By: Civicane49 , 4:49 PM GMT on September 11, 2012
Hurricanes are fairly rare in Hawaii, but few of them have hit there in the past. One of them was Hurricane Iniki on September 11, 1992. It has been two decades since Iniki slammed Kauai, which is one of the Hawaiian Islands. This powerful hurricane struck Hawaii just weeks after Hurricane Andrew devastated Florida and Louisiana. Iniki had caused significant impact to the state of Hawaii, especially on Kauai. Since Iniki, however, no hurricanes have hit Hawaii. Nonetheless, Hawaii should still be fully prepared for these storms in the future, and I feel that Iniki is one of the infamous hurricanes to remember.
Figure 1. Satellite image of Hurricane Iniki making landfall on the island of Kauai. Image courtesy of NOAA.
Like many hurricanes, Iniki, which is Hawaiian for sharp and piercing wind, had probably originated from a tropical wave that exited off the west coast of Africa on August 18, 1992, and the National Hurricane Center (NHC) began to track this wave. During the next several days, the wave moved generally westward across the Atlantic Ocean, the northern portion of South America, and Central America. During that time, it produced disorganized shower and thunderstorm activity. By August 28, the tropical wave entered into the Pacific Ocean, and it continued to move westward. By early September, however, the wave began to show signs of organization as it was situated in warm sea surface temperatures, which are favorable for tropical cyclone development.
On September 5, the wave became sufficiently organized that the NHC declared it as a tropical depression while the system was situated about 1,600 miles southwest of Baja California. The depression continued to move inexorably westward at about 10 mph under the influence of the southern periphery of the high pressure ridge. On early September 6, the depression crossed 140°W into the Central Pacific Hurricane Center’s (CPHC) area of responsibility, and the CPHC began to monitor the cyclone. Originally, the depression was forecasted to dissipate in the next day due to unfavorable atmospheric conditions expected; however, the conditions abruptly became favorable. As a result, the cyclone continued to gradually organize and strengthen. By September 8, the depression reached its surface winds of 40 mph; therefore, it strengthened into a tropical storm and was named Iniki. As the subtropical ridge moved towards the south, Iniki continued to intensify slowly and move westward at a little faster motion.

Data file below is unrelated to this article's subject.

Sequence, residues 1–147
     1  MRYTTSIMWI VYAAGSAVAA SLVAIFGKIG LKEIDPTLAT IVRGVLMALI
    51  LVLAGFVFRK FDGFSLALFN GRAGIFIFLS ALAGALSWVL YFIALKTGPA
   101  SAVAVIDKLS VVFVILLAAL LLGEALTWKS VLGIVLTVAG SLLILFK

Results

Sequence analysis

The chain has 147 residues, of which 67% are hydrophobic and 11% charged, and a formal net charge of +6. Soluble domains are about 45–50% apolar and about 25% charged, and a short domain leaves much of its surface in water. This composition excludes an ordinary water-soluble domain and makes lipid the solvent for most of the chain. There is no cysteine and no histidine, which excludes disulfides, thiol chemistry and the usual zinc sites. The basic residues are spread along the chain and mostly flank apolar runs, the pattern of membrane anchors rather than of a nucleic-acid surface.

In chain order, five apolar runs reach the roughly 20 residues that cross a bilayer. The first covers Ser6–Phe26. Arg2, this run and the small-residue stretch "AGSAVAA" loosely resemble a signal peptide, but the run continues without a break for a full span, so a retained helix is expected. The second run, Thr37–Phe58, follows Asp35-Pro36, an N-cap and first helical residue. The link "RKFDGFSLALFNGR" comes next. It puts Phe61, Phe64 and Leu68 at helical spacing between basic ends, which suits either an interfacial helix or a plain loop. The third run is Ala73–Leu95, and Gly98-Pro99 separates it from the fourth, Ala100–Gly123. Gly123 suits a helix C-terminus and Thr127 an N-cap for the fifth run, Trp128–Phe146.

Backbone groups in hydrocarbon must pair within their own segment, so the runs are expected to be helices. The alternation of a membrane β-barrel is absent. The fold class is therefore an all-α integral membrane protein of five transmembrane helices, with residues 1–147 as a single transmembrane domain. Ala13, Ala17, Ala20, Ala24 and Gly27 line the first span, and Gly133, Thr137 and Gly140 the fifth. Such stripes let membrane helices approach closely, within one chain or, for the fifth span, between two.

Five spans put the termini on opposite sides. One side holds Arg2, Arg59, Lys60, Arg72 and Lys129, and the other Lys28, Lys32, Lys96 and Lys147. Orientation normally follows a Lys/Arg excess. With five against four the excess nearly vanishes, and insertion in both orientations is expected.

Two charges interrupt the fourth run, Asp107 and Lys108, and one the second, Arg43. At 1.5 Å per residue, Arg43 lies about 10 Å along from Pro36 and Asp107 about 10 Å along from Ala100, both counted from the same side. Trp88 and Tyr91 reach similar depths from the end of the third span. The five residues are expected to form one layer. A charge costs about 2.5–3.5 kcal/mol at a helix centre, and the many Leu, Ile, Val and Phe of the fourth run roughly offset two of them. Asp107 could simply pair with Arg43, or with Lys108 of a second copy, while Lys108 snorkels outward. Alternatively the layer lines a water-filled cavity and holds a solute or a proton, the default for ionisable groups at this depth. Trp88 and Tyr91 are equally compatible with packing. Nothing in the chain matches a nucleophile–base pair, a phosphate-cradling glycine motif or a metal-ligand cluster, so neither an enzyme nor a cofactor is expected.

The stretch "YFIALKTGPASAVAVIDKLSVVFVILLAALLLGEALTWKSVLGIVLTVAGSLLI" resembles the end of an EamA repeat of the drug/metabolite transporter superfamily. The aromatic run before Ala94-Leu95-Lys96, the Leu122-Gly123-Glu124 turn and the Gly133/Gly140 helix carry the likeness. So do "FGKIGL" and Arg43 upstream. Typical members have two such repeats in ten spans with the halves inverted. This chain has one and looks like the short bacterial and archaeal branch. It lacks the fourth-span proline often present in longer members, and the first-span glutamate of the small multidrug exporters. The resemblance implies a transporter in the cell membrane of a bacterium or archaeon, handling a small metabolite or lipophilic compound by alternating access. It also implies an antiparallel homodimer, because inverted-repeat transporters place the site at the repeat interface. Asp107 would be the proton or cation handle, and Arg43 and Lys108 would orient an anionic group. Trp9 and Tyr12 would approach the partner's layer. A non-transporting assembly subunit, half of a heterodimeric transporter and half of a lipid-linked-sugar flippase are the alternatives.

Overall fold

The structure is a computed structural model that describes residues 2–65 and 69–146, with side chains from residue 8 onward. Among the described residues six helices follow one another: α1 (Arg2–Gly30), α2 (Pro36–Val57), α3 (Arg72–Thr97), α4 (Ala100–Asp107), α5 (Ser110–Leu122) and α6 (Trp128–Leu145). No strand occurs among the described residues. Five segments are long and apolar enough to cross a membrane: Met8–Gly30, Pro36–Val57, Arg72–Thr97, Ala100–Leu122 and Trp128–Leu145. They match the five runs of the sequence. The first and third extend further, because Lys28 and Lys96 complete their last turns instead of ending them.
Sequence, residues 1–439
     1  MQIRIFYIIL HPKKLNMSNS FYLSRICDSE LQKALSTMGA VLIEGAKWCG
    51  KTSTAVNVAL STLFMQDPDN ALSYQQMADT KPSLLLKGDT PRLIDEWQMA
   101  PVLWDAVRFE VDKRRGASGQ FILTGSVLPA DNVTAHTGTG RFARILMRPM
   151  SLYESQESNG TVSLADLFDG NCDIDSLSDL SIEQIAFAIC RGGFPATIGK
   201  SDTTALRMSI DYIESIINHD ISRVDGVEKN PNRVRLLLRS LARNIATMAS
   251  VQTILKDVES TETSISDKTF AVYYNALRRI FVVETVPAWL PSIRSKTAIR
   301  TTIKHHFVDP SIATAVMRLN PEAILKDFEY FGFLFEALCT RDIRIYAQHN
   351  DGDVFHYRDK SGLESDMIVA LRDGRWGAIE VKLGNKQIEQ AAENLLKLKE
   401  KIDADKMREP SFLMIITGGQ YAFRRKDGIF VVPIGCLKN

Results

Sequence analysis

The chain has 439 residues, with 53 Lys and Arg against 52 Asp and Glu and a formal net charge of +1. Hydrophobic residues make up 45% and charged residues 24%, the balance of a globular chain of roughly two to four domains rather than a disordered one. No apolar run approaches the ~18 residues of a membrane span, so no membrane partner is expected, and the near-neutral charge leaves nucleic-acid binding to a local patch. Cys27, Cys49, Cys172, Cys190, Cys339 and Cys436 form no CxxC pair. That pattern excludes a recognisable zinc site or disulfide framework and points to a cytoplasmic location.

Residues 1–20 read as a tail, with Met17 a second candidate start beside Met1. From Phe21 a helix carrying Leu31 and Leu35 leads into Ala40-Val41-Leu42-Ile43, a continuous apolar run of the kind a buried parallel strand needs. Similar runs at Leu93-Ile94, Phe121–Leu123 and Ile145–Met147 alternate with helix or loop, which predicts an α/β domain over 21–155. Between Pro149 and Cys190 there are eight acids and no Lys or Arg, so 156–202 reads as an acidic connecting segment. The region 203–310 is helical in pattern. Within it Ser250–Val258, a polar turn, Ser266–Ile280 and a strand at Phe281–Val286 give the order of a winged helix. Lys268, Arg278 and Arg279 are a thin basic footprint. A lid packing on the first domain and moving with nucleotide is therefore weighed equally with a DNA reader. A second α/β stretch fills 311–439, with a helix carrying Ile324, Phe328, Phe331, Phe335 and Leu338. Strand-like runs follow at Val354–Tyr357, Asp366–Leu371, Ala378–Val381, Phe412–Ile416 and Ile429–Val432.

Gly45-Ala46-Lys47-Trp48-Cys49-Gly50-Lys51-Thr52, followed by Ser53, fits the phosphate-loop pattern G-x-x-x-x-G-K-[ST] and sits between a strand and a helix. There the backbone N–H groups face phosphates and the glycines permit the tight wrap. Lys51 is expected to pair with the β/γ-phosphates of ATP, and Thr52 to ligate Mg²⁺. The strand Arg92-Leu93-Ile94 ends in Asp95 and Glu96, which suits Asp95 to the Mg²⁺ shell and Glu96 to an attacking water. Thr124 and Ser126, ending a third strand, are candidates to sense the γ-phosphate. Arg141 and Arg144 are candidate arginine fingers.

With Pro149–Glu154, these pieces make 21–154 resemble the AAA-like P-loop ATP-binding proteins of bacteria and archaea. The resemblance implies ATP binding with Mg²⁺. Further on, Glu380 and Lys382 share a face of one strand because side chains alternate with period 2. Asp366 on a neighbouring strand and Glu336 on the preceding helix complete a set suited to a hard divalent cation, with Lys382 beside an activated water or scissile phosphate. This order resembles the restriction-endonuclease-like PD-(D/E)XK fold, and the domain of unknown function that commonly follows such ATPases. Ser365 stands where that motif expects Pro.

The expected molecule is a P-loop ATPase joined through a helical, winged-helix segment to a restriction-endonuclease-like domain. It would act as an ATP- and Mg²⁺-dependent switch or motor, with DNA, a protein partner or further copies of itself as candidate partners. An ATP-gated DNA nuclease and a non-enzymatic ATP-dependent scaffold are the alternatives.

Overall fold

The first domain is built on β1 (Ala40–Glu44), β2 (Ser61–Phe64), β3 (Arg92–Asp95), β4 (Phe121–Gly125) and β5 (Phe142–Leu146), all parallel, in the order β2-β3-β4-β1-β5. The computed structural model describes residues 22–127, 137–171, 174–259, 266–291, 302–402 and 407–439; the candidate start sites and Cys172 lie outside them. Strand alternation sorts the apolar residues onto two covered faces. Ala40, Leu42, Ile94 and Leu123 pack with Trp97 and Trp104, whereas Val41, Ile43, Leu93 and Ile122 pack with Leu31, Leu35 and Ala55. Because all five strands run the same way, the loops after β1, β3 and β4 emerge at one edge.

By September 9, the cyclone intensified to a hurricane with winds greater than 74 mph while it was located about 470 miles south-southeast of Hilo, Hawaii. At that time, the hurricane began to turn west-northwestward as it was approaching the western periphery of the subtropical ridge, which was situated north of Hawaii. This ridge typically keeps hurricanes away from the Hawaiian Islands by steering them south of the islands. This time, however, a large low pressure trough dug south just east of the International Date Line at 180°W, causing the ridge to weaken and move to the east. Consequently, Iniki turned northwestward and eventually northward to Hawaii, which caught forecasters off-guard. During the next day, reconnaissance plane reported that Iniki intensified to a major hurricane with winds of 115 mph and barometric pressure of 951 millibars as the cyclone was situated about 400 miles south of Lihue, Kauai. At that time, satellite image depicted that Iniki had developed a well-defined eye. In response to favorable conditions with warm sea surface temperatures and low wind shear, the hurricane strengthened further while it began to move northward.